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    Split green gram with skin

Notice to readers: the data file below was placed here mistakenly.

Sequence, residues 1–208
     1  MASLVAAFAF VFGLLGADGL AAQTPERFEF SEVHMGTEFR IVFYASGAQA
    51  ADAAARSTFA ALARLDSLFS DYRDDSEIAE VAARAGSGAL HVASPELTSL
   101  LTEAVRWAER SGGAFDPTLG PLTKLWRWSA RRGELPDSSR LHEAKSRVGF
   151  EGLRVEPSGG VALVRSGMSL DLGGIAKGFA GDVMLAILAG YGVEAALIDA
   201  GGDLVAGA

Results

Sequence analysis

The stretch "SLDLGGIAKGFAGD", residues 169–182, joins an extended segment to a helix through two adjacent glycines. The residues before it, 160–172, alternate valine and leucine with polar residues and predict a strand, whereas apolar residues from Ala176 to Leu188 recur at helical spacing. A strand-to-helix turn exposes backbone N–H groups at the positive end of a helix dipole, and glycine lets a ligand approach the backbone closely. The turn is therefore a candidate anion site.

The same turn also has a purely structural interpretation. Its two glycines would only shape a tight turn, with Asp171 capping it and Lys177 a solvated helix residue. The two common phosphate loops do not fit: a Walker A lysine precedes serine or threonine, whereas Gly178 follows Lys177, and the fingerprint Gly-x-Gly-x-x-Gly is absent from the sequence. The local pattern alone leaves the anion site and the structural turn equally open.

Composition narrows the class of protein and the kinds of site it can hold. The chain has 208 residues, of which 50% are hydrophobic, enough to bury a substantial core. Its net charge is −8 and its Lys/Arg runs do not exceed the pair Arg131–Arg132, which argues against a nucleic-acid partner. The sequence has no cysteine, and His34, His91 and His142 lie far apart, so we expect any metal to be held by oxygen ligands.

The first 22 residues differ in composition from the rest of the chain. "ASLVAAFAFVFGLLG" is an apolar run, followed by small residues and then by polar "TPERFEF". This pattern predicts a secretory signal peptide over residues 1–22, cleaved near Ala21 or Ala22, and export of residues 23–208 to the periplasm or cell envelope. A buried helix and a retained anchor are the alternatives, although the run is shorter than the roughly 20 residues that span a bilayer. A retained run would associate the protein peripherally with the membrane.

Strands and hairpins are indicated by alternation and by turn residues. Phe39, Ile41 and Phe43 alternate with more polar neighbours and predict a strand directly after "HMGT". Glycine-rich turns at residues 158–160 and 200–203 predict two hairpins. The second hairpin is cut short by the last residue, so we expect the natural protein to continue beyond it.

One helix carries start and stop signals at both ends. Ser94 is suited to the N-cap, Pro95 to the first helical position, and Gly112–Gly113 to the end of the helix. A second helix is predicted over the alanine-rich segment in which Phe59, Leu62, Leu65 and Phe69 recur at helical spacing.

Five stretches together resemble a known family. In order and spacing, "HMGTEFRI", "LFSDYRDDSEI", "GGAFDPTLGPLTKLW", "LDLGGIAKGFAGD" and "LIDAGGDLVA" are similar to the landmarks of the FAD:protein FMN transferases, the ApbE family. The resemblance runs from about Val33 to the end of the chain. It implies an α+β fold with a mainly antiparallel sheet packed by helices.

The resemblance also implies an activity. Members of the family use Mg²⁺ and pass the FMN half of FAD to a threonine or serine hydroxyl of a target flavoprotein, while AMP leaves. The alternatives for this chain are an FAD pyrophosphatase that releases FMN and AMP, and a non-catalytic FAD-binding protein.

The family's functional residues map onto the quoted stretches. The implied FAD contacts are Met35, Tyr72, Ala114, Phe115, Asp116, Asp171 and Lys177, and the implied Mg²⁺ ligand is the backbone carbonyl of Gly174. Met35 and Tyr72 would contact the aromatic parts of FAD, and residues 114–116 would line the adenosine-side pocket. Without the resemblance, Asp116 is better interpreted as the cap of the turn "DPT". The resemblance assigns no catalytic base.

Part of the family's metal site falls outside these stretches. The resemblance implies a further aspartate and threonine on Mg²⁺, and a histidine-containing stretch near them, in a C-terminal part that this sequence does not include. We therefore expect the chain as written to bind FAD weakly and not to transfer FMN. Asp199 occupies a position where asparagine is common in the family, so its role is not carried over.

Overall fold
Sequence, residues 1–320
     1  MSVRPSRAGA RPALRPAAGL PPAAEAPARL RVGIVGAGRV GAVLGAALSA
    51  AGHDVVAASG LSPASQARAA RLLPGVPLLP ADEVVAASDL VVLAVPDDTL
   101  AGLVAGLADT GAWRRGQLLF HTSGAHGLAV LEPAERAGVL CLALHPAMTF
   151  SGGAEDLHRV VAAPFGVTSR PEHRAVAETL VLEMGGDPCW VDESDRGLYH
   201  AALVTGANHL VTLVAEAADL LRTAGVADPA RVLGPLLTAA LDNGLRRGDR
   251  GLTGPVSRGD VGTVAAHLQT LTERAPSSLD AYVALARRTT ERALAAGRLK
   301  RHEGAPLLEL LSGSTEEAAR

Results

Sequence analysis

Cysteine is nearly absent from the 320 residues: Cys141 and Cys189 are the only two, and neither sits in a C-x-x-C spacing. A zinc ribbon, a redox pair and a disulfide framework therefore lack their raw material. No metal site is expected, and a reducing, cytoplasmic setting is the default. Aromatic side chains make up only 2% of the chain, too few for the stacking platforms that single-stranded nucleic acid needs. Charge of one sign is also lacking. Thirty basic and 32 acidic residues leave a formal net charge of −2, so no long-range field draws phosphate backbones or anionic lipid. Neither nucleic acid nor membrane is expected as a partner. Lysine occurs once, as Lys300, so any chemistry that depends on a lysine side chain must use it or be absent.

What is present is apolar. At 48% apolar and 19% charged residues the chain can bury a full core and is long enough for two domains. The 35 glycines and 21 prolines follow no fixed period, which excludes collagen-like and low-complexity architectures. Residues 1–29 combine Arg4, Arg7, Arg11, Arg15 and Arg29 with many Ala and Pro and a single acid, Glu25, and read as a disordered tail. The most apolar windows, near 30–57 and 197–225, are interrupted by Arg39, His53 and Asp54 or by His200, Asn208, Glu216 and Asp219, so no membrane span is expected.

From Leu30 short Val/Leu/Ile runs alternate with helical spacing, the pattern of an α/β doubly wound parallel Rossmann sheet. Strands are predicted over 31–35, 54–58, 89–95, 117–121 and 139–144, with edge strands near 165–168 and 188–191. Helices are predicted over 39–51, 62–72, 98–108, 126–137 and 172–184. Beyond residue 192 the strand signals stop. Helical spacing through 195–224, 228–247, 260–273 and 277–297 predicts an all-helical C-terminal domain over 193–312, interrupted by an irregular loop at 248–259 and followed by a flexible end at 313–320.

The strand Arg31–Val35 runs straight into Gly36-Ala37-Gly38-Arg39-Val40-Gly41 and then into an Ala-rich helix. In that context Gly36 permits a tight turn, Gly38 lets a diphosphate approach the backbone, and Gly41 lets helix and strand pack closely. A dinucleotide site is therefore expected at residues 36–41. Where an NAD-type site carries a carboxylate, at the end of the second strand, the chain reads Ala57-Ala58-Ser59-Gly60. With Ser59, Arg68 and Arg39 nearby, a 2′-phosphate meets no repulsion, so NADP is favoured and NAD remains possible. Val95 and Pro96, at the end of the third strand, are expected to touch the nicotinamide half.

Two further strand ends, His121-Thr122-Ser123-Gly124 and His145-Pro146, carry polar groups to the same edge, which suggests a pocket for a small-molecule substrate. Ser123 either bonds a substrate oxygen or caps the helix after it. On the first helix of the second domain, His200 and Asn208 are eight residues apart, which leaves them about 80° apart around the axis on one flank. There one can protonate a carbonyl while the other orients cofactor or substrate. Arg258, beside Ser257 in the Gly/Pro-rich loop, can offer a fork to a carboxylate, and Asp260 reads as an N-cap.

The Mung bean, also known as green bean, mung, mongo, moong, moog (whole) or moog dal (split) (in Bengali , Marathi), mash bean, munggo or monggo, green gram, golden gram, and green soy, is the seed of Vigna radiata, which is native to Bangladesh, India, and Pakistan. The split bean is known as pesara (Telugu), which is green with the husk, and yellow when dehusked. The beans are small, ovoid in shape, and green in color. The English word "mung" derives from the Hindi: mung. The mung bean is one of many species recently moved from the genus Phaseolus to Vigna, and is still often seen cited as Phaseolus aureus or Phaseolus radiatus. These variations of nomenclature have been used regarding the same plant species. Mung beans are commonly used in Chinese cuisine, where they are called ludòu (literally "green bean"), as well as in Burma (where it is called pe nauk or pe ti), Thailand, Japan, Korea, Philippines, Bangladesh, Pakistan, India, and Southeast Asia. In Vietnam, they are called d?u xanh (again, literally "green bean"). In Indonesia, they are called kacang hijau or katjang idju, and are generally eaten either whole (with or without skins) or as bean sprouts, or used to make the dessert "green bean soup". The starch of mung beans is also extracted from them to make jellies and "transparent" or "cellophane" noodles.